and learning opportunities to support the profession.
Elements of new
Two new and two existing policies
The proposed Framework includes a new Fair Criteria Policy, which aims to encourage competition and
support SME participation. It could include considerations around insurance,
limiting liability, security, and separate financial criteria for large
enterprises and SME, where appropriate.
In addition, a new ICT
Consider First Policy has been introduced to make sure all options are
considered before procurement starts. This could include consideration of Cloud
First, Open Standards, Cybersecurity, Shared Platforms, Digital Service
Standards and Commercial Off The Shelf (COTS).
The new focus of an existing ICT Portfolio Panels Policy
will be on encouraging competition and supporting SME participation. This
policy is an update and reinvigoration of the existing policy considering areas
such as refreshable panels and endorsement from DTA.
The Framework includes an evidence-based review of the
existing ICT Capped Term and Value
Policy to determine if the policy is delivering the intended benefits. This
aligns with the taskforce report which recommends regular review and renewal of
the ICT Procurement Framework and Policies.
Improved access to information and tools
The framework includes a range of guidance to make the ICT
procurement process consistent, easier and more efficient. This includes a central
repository for ICT Procurement information, such as departmental guides, guides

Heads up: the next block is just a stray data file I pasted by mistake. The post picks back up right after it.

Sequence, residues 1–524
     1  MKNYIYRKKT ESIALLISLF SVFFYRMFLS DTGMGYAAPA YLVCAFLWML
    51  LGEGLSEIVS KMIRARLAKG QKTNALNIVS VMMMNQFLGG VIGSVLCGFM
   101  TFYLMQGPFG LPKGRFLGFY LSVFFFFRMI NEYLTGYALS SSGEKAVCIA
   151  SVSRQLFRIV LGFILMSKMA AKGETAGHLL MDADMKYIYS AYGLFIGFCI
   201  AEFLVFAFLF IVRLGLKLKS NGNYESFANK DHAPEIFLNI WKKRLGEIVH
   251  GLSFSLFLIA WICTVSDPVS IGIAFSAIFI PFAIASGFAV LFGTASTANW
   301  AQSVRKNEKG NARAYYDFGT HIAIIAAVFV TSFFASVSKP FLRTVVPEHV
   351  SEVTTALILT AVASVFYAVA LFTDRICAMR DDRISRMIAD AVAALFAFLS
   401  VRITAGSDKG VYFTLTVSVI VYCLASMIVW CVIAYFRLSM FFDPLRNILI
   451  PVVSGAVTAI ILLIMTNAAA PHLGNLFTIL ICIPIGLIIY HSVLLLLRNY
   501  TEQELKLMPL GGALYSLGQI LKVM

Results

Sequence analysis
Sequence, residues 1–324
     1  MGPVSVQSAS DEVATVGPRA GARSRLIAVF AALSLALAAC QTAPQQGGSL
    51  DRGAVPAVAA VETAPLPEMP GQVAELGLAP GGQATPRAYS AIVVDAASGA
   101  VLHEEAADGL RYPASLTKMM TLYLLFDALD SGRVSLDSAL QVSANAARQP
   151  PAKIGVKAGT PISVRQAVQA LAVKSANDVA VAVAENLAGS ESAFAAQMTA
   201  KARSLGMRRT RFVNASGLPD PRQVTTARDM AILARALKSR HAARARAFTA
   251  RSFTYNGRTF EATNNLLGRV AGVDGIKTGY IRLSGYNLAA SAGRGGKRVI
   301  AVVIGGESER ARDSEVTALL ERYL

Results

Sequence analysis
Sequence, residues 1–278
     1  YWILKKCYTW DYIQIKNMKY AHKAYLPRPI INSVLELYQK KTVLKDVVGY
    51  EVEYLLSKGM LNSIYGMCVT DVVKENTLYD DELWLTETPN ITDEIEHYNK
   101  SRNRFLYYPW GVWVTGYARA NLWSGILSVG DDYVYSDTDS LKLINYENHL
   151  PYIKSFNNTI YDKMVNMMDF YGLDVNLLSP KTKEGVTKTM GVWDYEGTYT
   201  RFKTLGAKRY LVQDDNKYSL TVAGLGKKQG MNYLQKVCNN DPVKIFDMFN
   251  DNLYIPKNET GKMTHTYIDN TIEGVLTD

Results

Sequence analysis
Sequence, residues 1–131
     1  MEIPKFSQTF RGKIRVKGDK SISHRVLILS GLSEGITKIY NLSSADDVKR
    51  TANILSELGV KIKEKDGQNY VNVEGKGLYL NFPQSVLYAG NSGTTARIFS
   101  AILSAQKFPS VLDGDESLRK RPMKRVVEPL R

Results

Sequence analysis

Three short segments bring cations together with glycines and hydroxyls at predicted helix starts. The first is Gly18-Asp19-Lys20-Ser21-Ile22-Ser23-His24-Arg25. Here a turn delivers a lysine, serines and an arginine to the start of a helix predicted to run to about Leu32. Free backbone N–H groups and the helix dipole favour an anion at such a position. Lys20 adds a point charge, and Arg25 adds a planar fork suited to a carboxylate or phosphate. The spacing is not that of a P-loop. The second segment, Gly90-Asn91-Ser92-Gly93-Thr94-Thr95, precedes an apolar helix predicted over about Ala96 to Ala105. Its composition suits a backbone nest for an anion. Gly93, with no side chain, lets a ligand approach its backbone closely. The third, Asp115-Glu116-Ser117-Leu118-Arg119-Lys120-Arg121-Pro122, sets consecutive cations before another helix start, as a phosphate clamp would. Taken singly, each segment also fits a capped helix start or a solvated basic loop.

to support procurement teams engaging with business and myth busting.
It also includes tools to make ICT Procurement easy, such as
model contracts, centralised registers, platforms, panels, AusTender checklists,
an annual benchmark on prices and decision trees for finding the right
There are also plans for forums for ICT Procurement
professionals to stay in touch across agencies. This would include a range of
virtual and physical forums such as an ICT Procurement Bulletin and potential
new seller and government buyers groups.
According to the Framework, Reporting should focus on data
that can be easily tracked and monitored, that measures both the principles and
the policies. Where data is not available via AusTender, further consultation with
entities will be required to understand if it is possible to obtain this
information and what it would cost agencies to collect in terms of time and resources.
According to DTA, there is work to be done with AusTender to
ensure that the information captured is reliable and holistic. Currently, everything
is not captured on AusTender, and the information is heavily reliant on the
quality of input from agencies.
DTA wants to hear from anyone who will work with this
framework, including people from government agencies – especially those in
procurement – and from industry, especially those that sell ICT to government,
or want to in the future.
A list of questions has been provided for all these
stakeholders, such as asking buyers and sellers to list the List the parts of
the framework that are most important in what they do and what else they might
need from an ICT procurement framework to make an effective procurement decision.
for the framework and the list of questions.